Aquion Energy’s Saltwater Batteries
As alternative energy sources such as wind and solar become more widely adopted, the problem of energy storage has become a hot topic since the power being provided is intermittent as is the energy being consumed. Typically, wind and solar farms are backed up by natural gas plants that can provide a level of stability in the energy output. This has created the need for a grid battery that can store many hours’ worth of energy from solar and wind power at a very low cost. According to an article by the MIT Technology Review, 99 percent of grid storage takes the form of “pumped hydro” in which water is pumped uphill to a reservoir and released to turn a generator when energy is needed. This method provides less than 1 percent of the power capacity in the United States on any given day. One startup looking to address this problem is Aquion Energy.
About Aquion Energy
Founded in 2008, Pittsburgh based Aquion Energy is a Carnegie Mellon University startup which has secured $65 million in private capital from the likes of Kleiner Perkins Caufield & Byers, Foundation Capital, Bill Gates, and grants from the US Department of Energy. Bright Capital, a fast-growing Russian venture capital firm led the latest round of funding for Aquion and has big plans for Aquion’s entry into Eastern Europe. Aquion is producing a revolutionary battery based on novel ambient-temperature sodium-ion technology with commercial manufacturing to begin this year with the Company bringing online a 350,000 square foot manufacturing facility in Pennsylvania.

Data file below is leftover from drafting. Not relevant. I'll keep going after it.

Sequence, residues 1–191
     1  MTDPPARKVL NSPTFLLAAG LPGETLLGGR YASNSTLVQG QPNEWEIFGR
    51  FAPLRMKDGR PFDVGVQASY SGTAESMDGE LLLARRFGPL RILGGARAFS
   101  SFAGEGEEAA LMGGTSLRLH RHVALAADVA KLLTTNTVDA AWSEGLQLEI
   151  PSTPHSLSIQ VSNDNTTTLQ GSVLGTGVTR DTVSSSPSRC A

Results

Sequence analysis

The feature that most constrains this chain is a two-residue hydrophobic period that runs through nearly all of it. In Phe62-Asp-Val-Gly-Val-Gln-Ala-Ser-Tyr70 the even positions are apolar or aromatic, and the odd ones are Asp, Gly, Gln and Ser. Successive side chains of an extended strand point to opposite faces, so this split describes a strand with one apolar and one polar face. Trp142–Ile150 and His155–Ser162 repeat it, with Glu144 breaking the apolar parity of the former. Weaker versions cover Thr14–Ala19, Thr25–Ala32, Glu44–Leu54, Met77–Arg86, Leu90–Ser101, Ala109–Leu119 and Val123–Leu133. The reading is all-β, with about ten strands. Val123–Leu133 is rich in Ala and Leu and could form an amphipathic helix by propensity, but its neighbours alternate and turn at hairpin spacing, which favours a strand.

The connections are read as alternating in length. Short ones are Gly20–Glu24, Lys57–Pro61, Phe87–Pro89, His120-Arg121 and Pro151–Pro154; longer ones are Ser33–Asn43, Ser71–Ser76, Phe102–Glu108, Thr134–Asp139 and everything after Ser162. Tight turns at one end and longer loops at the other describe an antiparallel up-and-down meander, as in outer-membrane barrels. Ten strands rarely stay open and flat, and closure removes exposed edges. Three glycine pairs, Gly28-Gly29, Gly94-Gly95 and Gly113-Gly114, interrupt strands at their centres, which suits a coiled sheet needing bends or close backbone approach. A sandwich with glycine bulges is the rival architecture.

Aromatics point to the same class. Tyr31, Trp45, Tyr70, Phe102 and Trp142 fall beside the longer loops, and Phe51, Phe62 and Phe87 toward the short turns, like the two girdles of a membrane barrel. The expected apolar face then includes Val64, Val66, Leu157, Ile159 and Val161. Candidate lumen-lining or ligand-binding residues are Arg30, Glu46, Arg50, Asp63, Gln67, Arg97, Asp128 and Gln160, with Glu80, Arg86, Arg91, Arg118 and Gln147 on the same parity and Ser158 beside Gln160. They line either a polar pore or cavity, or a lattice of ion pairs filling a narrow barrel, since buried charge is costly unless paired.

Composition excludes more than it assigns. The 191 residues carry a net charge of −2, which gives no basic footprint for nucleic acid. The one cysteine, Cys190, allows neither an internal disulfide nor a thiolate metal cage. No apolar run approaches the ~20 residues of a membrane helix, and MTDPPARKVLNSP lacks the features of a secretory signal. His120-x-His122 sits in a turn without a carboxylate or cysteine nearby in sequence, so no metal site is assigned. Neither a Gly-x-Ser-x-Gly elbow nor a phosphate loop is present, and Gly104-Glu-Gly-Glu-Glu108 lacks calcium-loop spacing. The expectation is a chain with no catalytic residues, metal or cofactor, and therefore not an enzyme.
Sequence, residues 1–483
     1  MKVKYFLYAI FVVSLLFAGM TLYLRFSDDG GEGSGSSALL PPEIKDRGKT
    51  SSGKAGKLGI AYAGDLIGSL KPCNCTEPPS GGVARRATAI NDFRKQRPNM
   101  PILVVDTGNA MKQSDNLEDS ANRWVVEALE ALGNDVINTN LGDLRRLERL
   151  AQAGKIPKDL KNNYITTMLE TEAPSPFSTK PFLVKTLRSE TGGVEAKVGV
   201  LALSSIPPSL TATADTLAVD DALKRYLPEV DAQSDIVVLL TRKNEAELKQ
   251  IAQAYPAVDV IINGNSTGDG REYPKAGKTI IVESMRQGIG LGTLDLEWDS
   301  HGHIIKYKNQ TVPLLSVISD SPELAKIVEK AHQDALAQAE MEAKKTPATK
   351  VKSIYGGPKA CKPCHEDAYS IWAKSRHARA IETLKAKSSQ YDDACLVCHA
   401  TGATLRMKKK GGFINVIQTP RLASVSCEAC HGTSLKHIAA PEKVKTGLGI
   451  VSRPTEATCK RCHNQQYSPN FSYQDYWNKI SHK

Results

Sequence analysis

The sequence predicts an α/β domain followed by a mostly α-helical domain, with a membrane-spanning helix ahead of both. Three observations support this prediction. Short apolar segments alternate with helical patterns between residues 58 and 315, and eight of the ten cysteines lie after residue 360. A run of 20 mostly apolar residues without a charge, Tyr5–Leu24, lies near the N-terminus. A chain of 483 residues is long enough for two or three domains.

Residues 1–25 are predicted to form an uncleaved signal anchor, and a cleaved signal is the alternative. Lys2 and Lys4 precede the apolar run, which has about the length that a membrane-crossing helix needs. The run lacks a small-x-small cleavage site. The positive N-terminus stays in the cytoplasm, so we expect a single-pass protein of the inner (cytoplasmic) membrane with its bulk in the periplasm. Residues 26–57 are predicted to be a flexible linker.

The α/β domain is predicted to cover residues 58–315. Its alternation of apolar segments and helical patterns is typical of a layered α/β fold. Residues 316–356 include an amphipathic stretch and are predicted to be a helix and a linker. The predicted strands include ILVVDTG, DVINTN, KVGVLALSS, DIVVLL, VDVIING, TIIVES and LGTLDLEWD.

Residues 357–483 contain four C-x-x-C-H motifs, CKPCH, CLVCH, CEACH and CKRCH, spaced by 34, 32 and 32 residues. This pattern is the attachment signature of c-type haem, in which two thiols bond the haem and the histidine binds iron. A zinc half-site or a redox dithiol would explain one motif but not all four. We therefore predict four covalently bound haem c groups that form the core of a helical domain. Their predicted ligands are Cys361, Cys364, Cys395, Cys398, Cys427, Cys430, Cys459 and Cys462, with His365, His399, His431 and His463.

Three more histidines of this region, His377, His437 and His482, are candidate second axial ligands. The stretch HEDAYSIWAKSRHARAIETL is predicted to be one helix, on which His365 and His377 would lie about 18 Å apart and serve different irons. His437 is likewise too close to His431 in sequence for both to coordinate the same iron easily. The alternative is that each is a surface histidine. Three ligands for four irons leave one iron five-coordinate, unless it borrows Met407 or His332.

The makeup of Aquion’s battery technology is ultra low cost using only base oxide, carbon, cotton, and saltwater. The smallest battery configuration offered is the S10 battery stack seen below:
The S10 battery stack is made up of 7 B10 batteries, each of which can undergo greater than 3,000 cycles, operate at temperatures of -4 to 40 degrees Celsius, and self-discharge at less than 2% per month. These batteries are unique in that they do not need to be immediately charged once they have been discharged and because they are non-toxic, non-corrosive, and contain no heavy metals, can be disposed of as ordinary trash. The extremely long cycle life, deep depth of discharge and extensive fault tolerance make these batteries an ideal choice for stationary, deep cycle, long-duration applications such as energy storage for wind and solar farms.
Last month Aquion announced that Siemens purchased a shipment of its grid batteries and it will be testing those batteries with Siemen’s power inverter technology. The idea is that if Siemens deems the batteries to work as advertised, they may eventually bundle the batteries with their power grid infrastructure and sell it to customers like solar farm developers. With strong backing and interest shown from the likes of Siemens, Aquion is a company to watch going forward.
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